So Much Lead In Children’s Blood That a State of Emergency Is Declared

So Much Lead In Children’s Blood That a State of Emergency Is Declared

I thought I would pass The Washington Post article about Michigan’s major Lead Poising problems on.    You might find it interesting an informative.   Be vigilant.  There is little that can be done to undo or to mitigate the damage that lead will  cause in a one’s body (no matter their age or sex). ~Jeff Powell~


Morning Mix

In Flint, Mich., there’s so much lead in children’s blood that a state of emergency is declared
By Yanan Wang December 15, 2015

For months, worried parents in Flint, Mich., arrived at their pediatricians’ offices in droves. Holding a toddler by the hand or an infant in their arms, they all have the same question: Are their children being poisoned?

To find out, all it takes is a prick of the finger, a small letting of blood. If tests come back positive, the potentially severe consequences are far more difficult to discern.

That’s how lead works. It leaves its mark quietly, with a virtually invisible trail. But years later, when a child shows signs of a learning disability or behavioral issues, lead’s prior presence in the bloodstream suddenly becomes inescapable.

According to the World Health Organization, “lead affects children’s brain development resulting in reduced intelligence quotient (IQ), behavioral changes such as shortening of attention span and increased antisocial behavior, and reduced educational attainment. Lead exposure also causes anemia, hypertension, renal impairment, immunotoxicity and toxicity to the reproductive organs. The neurological and behavioral effects of lead are believed to be irreversible.”

The Hurley Medical Center, in Flint, released a study in September that confirmed what many Flint parents had feared for over a year: The proportion of infants and children with above ­average levels of lead in their blood has nearly doubled since the city switched from the Detroit water system to using the Flint River as its water source, in 2014.

The mayor — elected after her predecessor, Dayne Walling, experienced fallout from his administration’s handling of the water problems — said in the statement that she was seeking support from the federal government to deal with the “irreversible” effects of lead exposure on the city’s children. Weaver thinks that these health consequences will lead to a greater need for special education and mental health services, as well as developments in the juvenile justice system.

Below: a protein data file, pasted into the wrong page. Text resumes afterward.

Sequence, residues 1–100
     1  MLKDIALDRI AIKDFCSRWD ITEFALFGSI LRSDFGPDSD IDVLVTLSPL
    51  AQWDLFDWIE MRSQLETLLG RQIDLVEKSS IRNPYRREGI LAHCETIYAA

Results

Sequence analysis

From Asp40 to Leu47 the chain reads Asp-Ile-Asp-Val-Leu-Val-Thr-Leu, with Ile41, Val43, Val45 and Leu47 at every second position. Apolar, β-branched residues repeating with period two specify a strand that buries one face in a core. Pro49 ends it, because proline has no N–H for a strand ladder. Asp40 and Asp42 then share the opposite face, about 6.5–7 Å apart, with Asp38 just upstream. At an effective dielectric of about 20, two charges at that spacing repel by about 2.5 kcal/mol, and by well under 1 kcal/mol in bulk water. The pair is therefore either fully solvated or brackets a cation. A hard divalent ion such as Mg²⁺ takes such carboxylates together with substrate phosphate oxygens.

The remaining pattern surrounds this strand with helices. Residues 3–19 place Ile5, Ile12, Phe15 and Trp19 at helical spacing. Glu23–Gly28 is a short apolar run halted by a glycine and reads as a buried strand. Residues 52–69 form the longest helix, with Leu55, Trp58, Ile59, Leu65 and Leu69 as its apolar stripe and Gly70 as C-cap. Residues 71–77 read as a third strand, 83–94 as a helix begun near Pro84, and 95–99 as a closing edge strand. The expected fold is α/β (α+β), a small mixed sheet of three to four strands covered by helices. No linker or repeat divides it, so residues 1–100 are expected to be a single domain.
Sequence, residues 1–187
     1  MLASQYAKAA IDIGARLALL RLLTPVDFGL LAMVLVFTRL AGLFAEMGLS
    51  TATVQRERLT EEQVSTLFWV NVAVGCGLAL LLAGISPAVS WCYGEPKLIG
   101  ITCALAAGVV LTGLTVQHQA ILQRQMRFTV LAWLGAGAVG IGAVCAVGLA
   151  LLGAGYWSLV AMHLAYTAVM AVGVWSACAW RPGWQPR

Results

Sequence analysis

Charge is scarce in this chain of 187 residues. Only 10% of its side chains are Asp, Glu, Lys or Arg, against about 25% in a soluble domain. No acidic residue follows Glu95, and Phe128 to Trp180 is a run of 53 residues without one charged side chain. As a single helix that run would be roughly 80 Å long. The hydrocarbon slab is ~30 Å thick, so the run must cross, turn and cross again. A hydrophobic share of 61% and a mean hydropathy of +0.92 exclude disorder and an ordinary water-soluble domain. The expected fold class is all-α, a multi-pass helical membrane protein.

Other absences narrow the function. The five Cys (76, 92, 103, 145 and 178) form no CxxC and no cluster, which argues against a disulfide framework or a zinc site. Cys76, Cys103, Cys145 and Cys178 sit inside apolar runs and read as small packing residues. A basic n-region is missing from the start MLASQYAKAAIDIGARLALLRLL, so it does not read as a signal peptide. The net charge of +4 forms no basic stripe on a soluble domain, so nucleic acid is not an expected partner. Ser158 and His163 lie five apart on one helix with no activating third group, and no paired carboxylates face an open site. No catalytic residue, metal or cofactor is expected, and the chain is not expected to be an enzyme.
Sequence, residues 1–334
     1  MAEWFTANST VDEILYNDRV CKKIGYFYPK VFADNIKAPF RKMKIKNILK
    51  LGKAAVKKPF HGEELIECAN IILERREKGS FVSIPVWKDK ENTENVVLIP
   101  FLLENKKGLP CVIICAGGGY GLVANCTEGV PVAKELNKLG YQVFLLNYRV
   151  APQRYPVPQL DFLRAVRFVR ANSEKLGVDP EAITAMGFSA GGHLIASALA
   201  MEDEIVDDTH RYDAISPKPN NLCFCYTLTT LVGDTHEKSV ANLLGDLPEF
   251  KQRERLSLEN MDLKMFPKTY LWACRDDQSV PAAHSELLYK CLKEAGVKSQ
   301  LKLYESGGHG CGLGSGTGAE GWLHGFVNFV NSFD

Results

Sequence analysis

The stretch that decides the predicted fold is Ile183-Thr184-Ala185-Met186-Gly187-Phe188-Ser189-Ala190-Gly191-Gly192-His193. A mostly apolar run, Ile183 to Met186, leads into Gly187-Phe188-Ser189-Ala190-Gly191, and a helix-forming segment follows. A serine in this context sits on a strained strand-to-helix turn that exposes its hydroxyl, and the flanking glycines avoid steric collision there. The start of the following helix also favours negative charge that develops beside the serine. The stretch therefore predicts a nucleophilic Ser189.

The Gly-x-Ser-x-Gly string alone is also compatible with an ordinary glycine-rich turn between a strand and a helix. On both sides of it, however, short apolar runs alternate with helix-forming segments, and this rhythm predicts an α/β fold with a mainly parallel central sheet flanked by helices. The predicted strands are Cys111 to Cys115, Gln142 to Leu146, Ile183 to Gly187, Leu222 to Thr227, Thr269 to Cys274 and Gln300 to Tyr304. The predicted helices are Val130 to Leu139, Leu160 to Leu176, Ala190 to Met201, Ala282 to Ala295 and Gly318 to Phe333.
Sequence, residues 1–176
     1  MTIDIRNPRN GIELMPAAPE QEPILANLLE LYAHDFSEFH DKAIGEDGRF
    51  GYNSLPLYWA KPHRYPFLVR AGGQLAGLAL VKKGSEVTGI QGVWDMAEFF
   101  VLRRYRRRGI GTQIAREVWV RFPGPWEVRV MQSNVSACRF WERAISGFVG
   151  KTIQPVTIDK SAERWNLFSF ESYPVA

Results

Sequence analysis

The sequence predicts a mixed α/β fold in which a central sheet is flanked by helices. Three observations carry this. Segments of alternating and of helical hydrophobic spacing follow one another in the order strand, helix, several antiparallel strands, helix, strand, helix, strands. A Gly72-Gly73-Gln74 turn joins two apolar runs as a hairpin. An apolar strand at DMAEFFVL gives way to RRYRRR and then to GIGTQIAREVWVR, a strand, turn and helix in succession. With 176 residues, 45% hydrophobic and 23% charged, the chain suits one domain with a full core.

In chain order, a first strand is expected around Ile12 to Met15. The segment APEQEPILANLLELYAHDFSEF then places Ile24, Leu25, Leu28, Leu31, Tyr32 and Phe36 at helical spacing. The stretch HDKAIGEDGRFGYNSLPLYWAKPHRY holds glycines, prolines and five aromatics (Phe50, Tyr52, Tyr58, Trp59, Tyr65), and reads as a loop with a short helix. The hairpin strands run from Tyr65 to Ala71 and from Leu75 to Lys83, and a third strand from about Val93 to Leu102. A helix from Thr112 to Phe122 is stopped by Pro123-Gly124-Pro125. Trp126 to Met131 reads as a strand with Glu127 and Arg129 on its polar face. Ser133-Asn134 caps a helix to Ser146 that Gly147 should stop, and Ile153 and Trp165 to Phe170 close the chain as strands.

… parents and other Flint residents filed a class-action federal lawsuitagainst Snyder, the state, the city and 13 other public officials in November for the damages they have suffered as a result of the lead-tainted water. The suit, which claims to represent “tens of thousands of residents,” alleges that the city and state officials “deliberately deprived” them of their 14th Amendment rights by replacing formerly safe drinking water with a cheaper alternative that was known to be highly toxic.

“For more than 18 months, state and local government officials ignored irrefutable evidence that the water pumped from the Flint River exposed [residents] to extreme toxicity,” the complaint reads. “The deliberately false denials about the safety of the Flint River water was as deadly as it was arrogant.”

Calling officials’ conduct “so egregious and so outrageous that it shocks the conscience,” the complaint cites the specific experiences of a few plaintiffs and their families, all of whom allege they have been challenged by similar health ailments since high levels of lead and copper entered their bloodstreams.

These conditions include skin lesions, hair loss, chemical-induced hypertension, vision loss and depression. Of the four families described in the complaint, two had ceased to drink Flint water after a certain point — and used it only for washing and cooking — but still said they were exposed to many of the same ill effects.

(The city issued a boil advisory in September 2014. This recommendation runs contrary to the Center for Disease Control and Prevention’s guidelines on lead in drinking water, which state that heating or boiling water will not remove lead. In fact, “because some of the water evaporates during the boiling process, the lead concentration of the water can actually increase slightly as the water is boiled,” according to the CDC.)

LeeAnn Walters, a Flint resident and mother of 4-year-old twins, took every precaution after blood tests revealed that the level of lead in one of her sons had soared after the switch to Flint River.

“I was hysterical,” Walters told the Free Press. “I cried when they gave me my first lead report.”

She had feared lead was the problem when her whole family developed rashes and her son stopped gaining weight.

Now, Walters said, when her children experience problems as they grow up, she will always wonder whether things would have been different — if their lives would have been better — if it weren’t for the water.


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